A few of 2018 acquaintances will not be forgotten.  The trade dispute with China has yet to be resolved, but we imagine it will be completed shortly.  China has made some placating gestures, and the administration will want a pre-election win.  The Fed will be less of an issue as we appear to be near neutral.  The economy is slowing, but the 4% growth rate from last spring was not sustainable.  Growth should be in the 2% – 2.5% range due to tightening financial conditions, some of the tax stimulus fading and the global economy slowing.  Pimco’s models are indicating a 30% chance for a recession in the next 12 months.  This is certainly higher than any time over the last nine years of the expansion, but their models show no signs of overheating or overspending that generally precede recessions.  The potentially messy divorce of the UK from the European Union will take place in March of this year, which will provide continued drama for markets.  Finally, although we have not heard much lately, the Mueller investigation will be a talking point throughout 2019.

Looking at 2019, other than the topics above, things are in place for what should be a decent market.  The economy is still strong, inflation appears to be tame and interest rates should remain stable.  Consumers should see a few more dollars in their pockets as tax rates are lower and lower energy prices should add to their disposable income.  We adjusted your portfolios to match the themes we see in 2019.  We see a rotation to more defensive companies and multinationals that generate good profits in leaner times.  We see continued pain in tech and growth sectors.  The emerging markets have been reduced in your portfolios as we see continued problems with lower commodity prices, strong dollar and tariff issues.  On the fixed income side, we believe low inflation and stable rates will give bonds low single digit returns.  The new year is a time to review and re-assess investment plans and strategies to ensure your hard-earned money is positioned for both return and risk.  Please contact us if you would like to review.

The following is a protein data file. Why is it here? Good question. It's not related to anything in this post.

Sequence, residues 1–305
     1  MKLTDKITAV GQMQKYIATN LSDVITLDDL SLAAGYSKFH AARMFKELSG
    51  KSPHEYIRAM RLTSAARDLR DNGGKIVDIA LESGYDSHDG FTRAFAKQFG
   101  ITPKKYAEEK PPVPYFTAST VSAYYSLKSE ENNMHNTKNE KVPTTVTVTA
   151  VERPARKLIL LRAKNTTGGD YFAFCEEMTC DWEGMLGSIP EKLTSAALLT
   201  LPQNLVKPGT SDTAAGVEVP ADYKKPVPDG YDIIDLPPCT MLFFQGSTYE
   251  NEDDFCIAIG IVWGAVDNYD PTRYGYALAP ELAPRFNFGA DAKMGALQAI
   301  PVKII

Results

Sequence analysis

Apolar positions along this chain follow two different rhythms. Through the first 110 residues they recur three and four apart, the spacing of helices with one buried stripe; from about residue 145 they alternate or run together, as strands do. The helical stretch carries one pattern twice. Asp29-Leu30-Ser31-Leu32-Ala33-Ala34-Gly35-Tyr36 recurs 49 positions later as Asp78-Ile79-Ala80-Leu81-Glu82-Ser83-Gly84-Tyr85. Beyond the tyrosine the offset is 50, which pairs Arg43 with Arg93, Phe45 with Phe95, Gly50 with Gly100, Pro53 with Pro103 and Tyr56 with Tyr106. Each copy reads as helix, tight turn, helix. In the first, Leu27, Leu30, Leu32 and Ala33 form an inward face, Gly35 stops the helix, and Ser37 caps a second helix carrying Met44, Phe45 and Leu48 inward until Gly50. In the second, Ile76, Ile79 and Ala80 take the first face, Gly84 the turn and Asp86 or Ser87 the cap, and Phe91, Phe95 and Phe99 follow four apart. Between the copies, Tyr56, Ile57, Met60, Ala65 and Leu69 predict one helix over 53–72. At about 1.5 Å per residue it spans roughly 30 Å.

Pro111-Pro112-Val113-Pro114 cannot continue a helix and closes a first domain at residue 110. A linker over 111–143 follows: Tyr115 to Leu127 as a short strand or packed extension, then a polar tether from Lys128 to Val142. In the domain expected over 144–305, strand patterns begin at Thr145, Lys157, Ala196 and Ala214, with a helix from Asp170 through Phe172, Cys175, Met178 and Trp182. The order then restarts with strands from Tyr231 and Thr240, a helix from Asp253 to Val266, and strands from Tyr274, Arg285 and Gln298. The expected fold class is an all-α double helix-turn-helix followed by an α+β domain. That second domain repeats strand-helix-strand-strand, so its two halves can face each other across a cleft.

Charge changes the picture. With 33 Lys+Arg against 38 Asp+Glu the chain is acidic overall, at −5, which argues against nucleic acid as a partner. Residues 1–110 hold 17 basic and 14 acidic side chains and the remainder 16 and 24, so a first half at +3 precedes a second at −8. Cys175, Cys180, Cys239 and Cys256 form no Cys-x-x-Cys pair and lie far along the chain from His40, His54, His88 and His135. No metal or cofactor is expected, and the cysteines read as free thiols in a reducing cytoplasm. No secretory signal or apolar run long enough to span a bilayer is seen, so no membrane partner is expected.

PS.  We anticipate tax documents being available in February.

Past performance is not a guarantee of future results. Indices are not available for direct investment. Index performance does not reflect the expenses associated with the management of an actual portfolio. Market segment (index representation) as follows: US Stock Market (Russell 3000 Index), International Developed Stocks (MSCI World ex USA Index [net div.]), Emerging Markets (MSCI Emerging Markets Index [net div.]), Global Real Estate (S&P Global REIT Index [net div.]), US Bond Market (Bloomberg Barclays US Aggregate Bond Index), and Global Bond Market ex US (Bloomberg Barclays Global Aggregate ex-USD Bond Index [hedged to USD]). S&P data © 2019 S&P Dow Jones Indices LLC, a division of S&P Global. All rights reserved. Frank Russell Company is the source and owner of the trademarks, service marks, and copyrights related to the Russell Indexes. MSCI data © MSCI 2019, all rights reserved. Bloomberg Barclays data provided by Bloomberg.  The S&P 500 Index is a free-float market capitalization weighted index of 500 of the largest US companies. This index is calculated on a total return basis with dividends reinvested and is not available for direct investment. Charts from Dimensional Fund Advisors. Inflation is typically defined as the change in the non-seasonally adjusted, all-items Consumer Price Index (CPI) for all urban consumers. CPI data are available from the US Bureau of Labor Statistics. Stock is the capital raised by a corporation through the issue of shares entitling holders to an ownership interest of the corporation. Treasury securities are negotiable debt issued by the United States Department of the Treasury. They are backed by the government’s full faith and credit and are exempt from state and local taxes. The indices are not available for direct investment; therefore, their performance does not reflect the expenses associated with the management of an actual portfolio. Past performance is no guarantee of future results, and there is always the risk that an investor may lose money. Diversification neither assures a profit nor guarantees against loss in a declining market. The information contained herein is based on internal research derived from various sources and does not purport to be statements of all material facts relating to the securities mentioned. The information contained herein, while not guaranteed as to the accuracy or completeness, has been obtained from sources we believe to be reliable. Opinions expressed herein are subject to change without notice.